I'm reviewing for ACL again this year (in the machine learning subcomponent). A couple of days ago, I received my notice to start bidding on papers (more on bidding below). The email came with the following note:
Naturally, reviewers have been chosen to assess papers based on their own expertise and outlook. Having said this, we are aware that ACL has sometimes been perceived, especially in recent years, as overemphasizing the pursuit of small incremental improvements of existing methods, perhaps at the expense of exciting new developments. (ACL is solid but boring, is what some people would say.) While we believe that it would be counterproductive to change course radically -- We certainly would not want to sacrifice solidity! -- we would like to encourage you, as a reviewer, to look out particularly for what's novel and interesting, even if this means accepting a paper that has one or two flaws, for example because it has not been evaluated as rigourously as you would like. (It is for you to judge when a flaw becomes a genuine problem.)I think this is fantastic! (Would someone who is reviewing---i.e., on the PC---for another area confirm or deny that all areas got such a message, or was it just ML?) One difficulty I always have as a reviewer is that I assign scores to different categories (originality, interest, citations, etc.) and then am asked to come up with a meta-score that summarizes all these scores. But I'm not given any instruction on how to weigh the different components. What this note seems to be doing is saying "weigh interest higher than you usually would." In the past two years or so, I've been trying to do this. I think that when you start out reviewing, it's tempting to pick apart little details on a paper, rather than focusing on the big picture. It's been a conscious (and sometimes difficult) process for me to get over this. This explicit note is nice to see because it is essentially saying that my own internal process is a good one (or, at least, whomever wrote it thinks it's a good one).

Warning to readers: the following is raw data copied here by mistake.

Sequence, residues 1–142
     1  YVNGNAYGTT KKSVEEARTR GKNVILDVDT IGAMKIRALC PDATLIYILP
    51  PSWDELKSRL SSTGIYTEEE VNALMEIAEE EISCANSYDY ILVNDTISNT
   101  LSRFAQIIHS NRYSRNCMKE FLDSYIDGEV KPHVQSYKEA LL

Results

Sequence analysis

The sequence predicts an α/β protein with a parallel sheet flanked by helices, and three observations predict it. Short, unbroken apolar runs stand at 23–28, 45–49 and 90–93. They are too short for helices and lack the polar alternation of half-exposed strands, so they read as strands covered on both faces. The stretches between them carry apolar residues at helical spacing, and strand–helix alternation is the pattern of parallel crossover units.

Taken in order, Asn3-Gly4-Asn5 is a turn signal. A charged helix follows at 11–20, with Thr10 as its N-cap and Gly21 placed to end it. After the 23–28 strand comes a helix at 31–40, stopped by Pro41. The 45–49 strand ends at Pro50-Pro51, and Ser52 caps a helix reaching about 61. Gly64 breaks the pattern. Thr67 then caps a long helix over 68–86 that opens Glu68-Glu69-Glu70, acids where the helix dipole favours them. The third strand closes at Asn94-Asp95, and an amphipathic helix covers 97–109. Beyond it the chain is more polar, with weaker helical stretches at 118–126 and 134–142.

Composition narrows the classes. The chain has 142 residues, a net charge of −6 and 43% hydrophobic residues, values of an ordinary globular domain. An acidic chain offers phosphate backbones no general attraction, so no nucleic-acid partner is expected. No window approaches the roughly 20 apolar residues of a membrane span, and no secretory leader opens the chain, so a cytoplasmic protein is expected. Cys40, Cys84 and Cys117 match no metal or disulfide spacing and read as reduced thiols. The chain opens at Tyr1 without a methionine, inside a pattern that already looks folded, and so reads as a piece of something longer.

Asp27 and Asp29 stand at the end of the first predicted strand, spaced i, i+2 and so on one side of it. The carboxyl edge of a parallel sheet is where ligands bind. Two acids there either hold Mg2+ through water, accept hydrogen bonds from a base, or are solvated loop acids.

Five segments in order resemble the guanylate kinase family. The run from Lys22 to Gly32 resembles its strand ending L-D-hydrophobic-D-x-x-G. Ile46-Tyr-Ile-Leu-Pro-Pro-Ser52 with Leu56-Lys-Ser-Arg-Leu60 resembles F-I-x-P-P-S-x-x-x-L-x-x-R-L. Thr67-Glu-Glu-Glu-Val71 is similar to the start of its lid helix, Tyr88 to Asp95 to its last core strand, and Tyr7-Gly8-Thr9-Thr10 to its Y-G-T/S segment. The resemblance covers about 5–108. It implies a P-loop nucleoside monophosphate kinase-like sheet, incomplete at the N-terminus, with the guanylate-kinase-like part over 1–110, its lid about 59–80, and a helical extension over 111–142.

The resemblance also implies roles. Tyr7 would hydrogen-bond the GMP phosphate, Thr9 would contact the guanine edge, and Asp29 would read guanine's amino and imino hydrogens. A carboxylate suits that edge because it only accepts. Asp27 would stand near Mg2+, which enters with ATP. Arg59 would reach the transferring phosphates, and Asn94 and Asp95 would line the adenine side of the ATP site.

I also think---in comparison to other conferences I've PCed for or reviewed for---that ACL does a really good job of moderating the bidding process. (For those unfamiliar with bidding... when a paper gets submitted, some area chair picks it up. All papers under an area chair are shown---title plus abstract---to the reviewers in that area. Reviewers can bid "I want to review this," "I don't want to review this," "I am qualified to review this," or "Conflict of interest." There is then some optimization strategy to satisfy reviewers preferences/constraints.) In comparison to ECML and NIPS in the past, the ACL strategy of dividing into area chairs seems to be a good thing. For ECML, I got a list of about 500 papers to select from, and I had to rank them 1-5 (or 1-10, I don't remember). This was a huge hassle.
It seems that of most of the conferences that I'm familiar with, ACL has a pretty decent policy. While I would be thrilled to see them introduce an "author feedback" step, everything else seems to work pretty well. In the past, I've only once gotten in to a real argument over a paper with other reviewers --- most of the time, all the reviewer scores have tended to be +/- 1 or 2 (out of ten) of each other. And for the times when there is an initial disagreement, it is usually resolved quickly (eg., one reviewer points out some major accomplishment, or major flaw, in the paper that another reviewer missed).